PORTLAND, Ore. (KOIN) — Oregon’s already-ailing restaurant industry is entering into another statewide lockdown with even tighter restrictions and cocktails could be the key to survival.

Restaurants and bars help form the backbone of Portland’s economic structure. The city’s food scene is world-renowned but many locations have been forced to close their doors for good since the start of the pandemic.

And with Governor Kate Brown’s latest executive order limiting food and drink establishments to take-out only, many businesses that have managed to limp along for the past nine months are now at risk of folding.

In an effort to avoid such an end, many Oregonians are lobbying the state to allow the sale of cocktails with takeout. Selling cocktails-to-go is legal in Washington and California. Oregon allows customers to take growlers to go but stops short of permitting mixed drinks.

The Oregon Liquor Control Commission told KOIN 6 News the state legislature would need to change the law before food and drink establishments could offer takeout cocktails.

Rep. Rob Nosse (D-Portland) has been pushing for state lawmakers to pass a bill he drafted allowing restaurants and bars to sell mixed drinks in sealed containers.

“If it can get a little more income to these businesses that are just struggling to get by — if they are telling me this is something that might help us limp along until a vaccine comes along until we can get back, I think we’re obligated as elected officials to try and throw them this lifeline,” Nosse said.

When asked what he would say to people who think it’s unsafe or could lead to drinking and driving, Nosse said his bill would require customers to order food if they’re going to order cocktails and the cocktails must be sealed.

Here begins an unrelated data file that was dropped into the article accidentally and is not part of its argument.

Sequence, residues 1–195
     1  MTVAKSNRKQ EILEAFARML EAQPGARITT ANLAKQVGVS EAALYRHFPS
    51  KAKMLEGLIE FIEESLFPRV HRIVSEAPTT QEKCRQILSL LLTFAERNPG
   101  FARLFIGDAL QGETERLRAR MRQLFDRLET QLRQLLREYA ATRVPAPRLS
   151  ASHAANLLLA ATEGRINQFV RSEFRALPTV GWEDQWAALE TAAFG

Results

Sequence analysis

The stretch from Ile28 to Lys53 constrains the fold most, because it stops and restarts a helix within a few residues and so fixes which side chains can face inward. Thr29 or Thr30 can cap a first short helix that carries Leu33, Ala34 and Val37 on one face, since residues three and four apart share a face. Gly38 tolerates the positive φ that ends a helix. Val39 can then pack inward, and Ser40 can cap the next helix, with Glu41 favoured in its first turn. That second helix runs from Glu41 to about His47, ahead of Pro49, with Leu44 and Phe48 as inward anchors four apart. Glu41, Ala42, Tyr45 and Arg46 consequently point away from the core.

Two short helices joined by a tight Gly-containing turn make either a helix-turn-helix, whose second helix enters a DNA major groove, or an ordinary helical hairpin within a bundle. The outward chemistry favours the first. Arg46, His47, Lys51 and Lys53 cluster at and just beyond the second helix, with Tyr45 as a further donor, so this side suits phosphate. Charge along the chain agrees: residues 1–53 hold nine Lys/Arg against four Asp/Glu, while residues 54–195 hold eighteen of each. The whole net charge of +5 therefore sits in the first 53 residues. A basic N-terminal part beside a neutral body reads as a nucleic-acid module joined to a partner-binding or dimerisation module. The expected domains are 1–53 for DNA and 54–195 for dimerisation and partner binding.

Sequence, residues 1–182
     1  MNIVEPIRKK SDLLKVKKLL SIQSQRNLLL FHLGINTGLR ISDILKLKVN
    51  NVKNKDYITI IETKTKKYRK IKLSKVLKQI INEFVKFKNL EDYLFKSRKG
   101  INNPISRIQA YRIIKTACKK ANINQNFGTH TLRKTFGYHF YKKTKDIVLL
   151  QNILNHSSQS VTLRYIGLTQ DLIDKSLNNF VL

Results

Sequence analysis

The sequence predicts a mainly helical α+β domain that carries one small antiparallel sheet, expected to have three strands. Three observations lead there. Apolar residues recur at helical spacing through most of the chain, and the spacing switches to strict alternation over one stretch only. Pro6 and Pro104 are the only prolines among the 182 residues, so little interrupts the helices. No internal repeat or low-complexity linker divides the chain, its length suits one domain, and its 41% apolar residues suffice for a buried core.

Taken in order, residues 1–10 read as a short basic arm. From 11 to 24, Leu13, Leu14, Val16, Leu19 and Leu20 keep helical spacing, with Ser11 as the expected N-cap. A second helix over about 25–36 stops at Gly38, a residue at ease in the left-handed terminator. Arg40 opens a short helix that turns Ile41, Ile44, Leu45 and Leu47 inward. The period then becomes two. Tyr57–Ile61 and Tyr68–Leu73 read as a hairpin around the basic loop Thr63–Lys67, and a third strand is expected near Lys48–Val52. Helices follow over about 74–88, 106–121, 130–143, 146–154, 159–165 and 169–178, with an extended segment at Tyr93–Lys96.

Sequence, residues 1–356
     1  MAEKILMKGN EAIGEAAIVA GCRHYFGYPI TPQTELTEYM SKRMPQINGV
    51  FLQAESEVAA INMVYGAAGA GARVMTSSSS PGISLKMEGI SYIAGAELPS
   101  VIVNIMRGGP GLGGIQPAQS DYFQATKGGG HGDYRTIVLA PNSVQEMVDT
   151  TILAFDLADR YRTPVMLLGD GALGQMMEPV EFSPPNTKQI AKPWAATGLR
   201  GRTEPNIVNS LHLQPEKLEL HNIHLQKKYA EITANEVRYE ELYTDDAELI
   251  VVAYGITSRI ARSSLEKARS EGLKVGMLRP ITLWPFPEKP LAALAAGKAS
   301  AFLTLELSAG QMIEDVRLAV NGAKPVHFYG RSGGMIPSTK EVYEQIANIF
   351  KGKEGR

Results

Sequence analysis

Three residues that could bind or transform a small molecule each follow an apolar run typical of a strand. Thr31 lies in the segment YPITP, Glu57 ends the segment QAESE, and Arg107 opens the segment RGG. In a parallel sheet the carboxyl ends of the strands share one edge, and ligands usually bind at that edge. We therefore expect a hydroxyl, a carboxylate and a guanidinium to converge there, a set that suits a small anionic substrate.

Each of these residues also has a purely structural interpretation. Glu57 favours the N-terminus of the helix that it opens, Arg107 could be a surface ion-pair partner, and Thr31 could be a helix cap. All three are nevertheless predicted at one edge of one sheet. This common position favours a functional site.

Nosse said he’s heard a lot of concern from his constituents about the grim outlook for their favorite restaurants and bars. And other lawmakers seem to be on board with his proposal.

“In the last 48 hours, I’ve heard from five different colleagues who wanted to do this,” he said.

Nosse is calling on Gov. Brown to hold a special session to sign the bill into law.

“This has finally got to change,” he said. “I’m finally getting phone calls returned from my peers who are just as busy as I am trying to do things for their constituents, going ‘okay, I get it now, I’m ready to help you pressure the governor to call a special session, I get why this is important.'”

Brown’s office told KOIN 6 News the governor is open to the idea of a special session.

“Oregonians are making tremendous sacrifices to prevent the spread of COVID-19,” Liz Merah, the press secretary for Brown’s office, wrote in an email. “They are counting on lawmakers from both sides of the aisle to work together in the best interests of the state. The Governor remains open to holding another special session if legislators can agree to a succinct list of policies that addresses Oregonians’ most pressing needs, including the impending expiration of the evictions moratorium, while also preserving state resources to maintain vital public services and address the devastation caused by our catastrophic wildfire season.”